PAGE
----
Peter reviews Henning Mankell’s Faceless Killers – and also finds some genealogic roots in the Martin Beck series. Since Faceless Killers is the first book in the Kurt Wallander series,  readers are provided with some background information about the main characters. Kurt Wallander is gritty and determined, newly separated from his wife and somewhat estranged from his daughter. He often drinks too much, and he has problems dealing with the interim prosecutor, who is an attractive young woman sent down from Stockholm. Perhaps it is the fact that she is pretty that is bothersome? Also, he has a somewhat strange and remomte relationship to his father, an ageing artist, who is showing the first signs of senility.” He thinks its only fault is that it ends too soon.

humor and the Scandinavian mystery

Karen Meek has a review of Hakan Nesser’s The Mind’s Eye – the first in the Van Veteeren series, but the third to be translated – at Euro Crime and points out that it’s not only slightly surreal, thanks to its fictional bouillabaisse of a setting that incorporates bits of several northern European countries, but it’s also great fun. “You can dip into almost any page and a line will make you smile.”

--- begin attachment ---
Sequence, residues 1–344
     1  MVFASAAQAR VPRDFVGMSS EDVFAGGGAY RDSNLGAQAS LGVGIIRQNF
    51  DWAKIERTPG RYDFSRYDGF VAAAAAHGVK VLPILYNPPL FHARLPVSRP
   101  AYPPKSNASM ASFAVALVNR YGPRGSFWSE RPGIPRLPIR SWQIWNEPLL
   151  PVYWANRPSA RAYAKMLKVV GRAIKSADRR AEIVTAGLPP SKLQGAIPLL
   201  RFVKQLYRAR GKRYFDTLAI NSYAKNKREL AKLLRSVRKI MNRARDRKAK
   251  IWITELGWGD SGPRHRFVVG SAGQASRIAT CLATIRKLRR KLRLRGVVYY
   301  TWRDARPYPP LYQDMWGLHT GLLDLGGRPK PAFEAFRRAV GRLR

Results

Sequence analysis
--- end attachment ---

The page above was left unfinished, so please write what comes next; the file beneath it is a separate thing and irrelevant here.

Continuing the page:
Often Scandinavian crime fiction is characterized as being dour and gloomy, but as Peter Rozovsky pointed out in an issue of Mystery Reader’s Journal devoted to Scandinavian crime fiction, it’s not entirely without humor. And Nesser is his exhibit A.

He also cites a scene opening Arnaldur Indridason’s Silence of the Grave in which a young medical student realizes that the object a baby is chewing on is a human bone. (Okay, it doesn’t seem all that funny – you had to be there.)

Also new on Euro Crime is Maxine Clarke’s review of Arnaldur’s The Draining Lake – and she picks up on the humorous interplay among the detectives, the smug Sigurd Oli and the self-absorbed Elinborg, all caught up in publishing a cook book while they investigate a murder from the past.